Recent Articles

Friday, October 11, 2019

Review: 'Last Orders: The Haunting of the Old Red Lion' at the Old Red Lion, 10th October 2019

Friday, October 11, 2019 - by londoncitynights · - 0 Comments

Reviewed by David James
Rating: 2 Stars

The Old Red Lion in Islington is one of my favourite London pubs. It's friendly, has a good selection of beers, nice decor and has a cosy upstairs theatre at which I've seen many plays over the years. I also dig the history of the place: there's a mural in the pub explaining that it was founded in 1415 (though rebuilt in 1899) and that over the years many historical figures of note drank here. It was even featured in a 1736 Hogarth painting!

But a building doesn't get this old without some unpleasantness happening within its walls. Staff members report strange, unexplained noises, objects moving without explanation and there are even ghostly apparitions on the stairs. This is where The Knock Knock Club come in. 

The company recently teamed up with professional paranormal investigators to do a full supernatural audit of the building, spending a night in the building exploring each floor. Tonight they present their results in, Last Orders: The Haunting of the Old Red Lion.

The Knock Knock Club are true believer Reece Connolly, sceptic Christopher Keegan and undecided Caroline Buckley. After a quick poll of who in the audience believes in ghosts (at the London Horror Festival it seems silly to say no) we're off. 

The show is part storytelling, part lecture. So, we open with Connolly delivering a spooky story by candlelight about a terrifying incident that took place in the very room we're sitting in. Brrr. All three performers can spin a fantastic yarn, and the ones we hear tonight are suitably creepy.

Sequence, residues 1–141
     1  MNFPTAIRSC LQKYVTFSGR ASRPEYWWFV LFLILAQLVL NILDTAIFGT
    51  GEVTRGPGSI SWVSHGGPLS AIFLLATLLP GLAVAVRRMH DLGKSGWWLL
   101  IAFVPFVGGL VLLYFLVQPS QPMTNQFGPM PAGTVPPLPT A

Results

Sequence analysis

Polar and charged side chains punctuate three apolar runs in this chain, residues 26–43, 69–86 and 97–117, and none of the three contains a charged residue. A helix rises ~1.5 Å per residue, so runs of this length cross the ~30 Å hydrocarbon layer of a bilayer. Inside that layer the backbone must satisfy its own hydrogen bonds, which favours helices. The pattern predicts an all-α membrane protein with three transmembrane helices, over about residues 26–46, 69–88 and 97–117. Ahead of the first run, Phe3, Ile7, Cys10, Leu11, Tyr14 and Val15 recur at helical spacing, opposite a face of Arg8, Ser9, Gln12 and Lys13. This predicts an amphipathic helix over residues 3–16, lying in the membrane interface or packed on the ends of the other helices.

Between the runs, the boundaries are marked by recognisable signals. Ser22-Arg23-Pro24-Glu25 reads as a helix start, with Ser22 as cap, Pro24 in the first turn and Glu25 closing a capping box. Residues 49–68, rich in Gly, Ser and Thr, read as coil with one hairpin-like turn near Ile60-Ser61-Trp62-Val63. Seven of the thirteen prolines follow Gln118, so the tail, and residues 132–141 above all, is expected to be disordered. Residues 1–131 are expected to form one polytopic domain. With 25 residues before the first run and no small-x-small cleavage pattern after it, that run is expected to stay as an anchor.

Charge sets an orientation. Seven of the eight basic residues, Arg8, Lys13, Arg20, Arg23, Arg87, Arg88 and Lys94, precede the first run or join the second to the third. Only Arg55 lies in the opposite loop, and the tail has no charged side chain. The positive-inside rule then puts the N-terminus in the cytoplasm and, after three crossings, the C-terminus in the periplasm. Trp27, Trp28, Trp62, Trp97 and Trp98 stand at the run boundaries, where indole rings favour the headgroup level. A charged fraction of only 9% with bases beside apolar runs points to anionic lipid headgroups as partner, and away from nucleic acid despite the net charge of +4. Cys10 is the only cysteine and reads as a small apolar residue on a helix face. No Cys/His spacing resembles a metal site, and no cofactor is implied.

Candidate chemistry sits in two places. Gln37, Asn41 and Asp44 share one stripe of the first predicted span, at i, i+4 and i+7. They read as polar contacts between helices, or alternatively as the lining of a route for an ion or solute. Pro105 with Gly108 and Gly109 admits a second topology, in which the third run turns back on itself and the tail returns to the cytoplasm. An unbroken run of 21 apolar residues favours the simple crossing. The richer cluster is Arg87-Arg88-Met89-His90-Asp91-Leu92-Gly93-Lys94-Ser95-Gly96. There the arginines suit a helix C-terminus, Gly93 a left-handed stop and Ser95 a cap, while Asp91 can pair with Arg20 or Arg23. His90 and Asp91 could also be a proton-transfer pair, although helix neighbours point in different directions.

With a set composed simply of a hanging pub sign and frantic red scrawls (blood, knife and so on) on the walls, the show relies on darkness to provide the atmosphere. This works beautifully, especially later in the show when they cover up the green glowing fire escape sign in the corner. I love shows that plunge the audience into pitch darkness, and aside from some brief and dramatic flashes of light, it cranks up the volume of the tales they're telling.

Sadly the paranormal investigation side of the show is less engaging. I'm a sucker for local historical tidbits; so while I knew that Lenin and Stalin once drank at this pub, I didn't know there was a legend about Lenin attempting to hide in the dumb waiter to avoid police. But the thing is, the way the show is structured, I've got no idea if this is true or not.

Last Orders has a real problem here. Obviously as part of the London Horror Festival and a show being put on in the run-up to Halloween it's got to be spooky. If the show's conclusion was that there's actually nothing strange going on in this building at all and that ghosts aren't real, it'd be a big let down. So there's a theatrical incentive to bend the truth or, to put it less kindly, make shit up.

There are parts in the show when they tell you a story about something that happened in this pub, only to admit straight afterwards that it actually didn't happen like that. Full credit to them for honesty, but it means that you're constantly second-guessing whether what you're hearing is actual history, actual recordings from their night in the building or just something to spice up the show. 

I can understand why Last Orders is structured like this: it wants to both inform and entertain. But this is ultimately a piece of horror theatre and I wish they'd just leaned firmly towards the latter.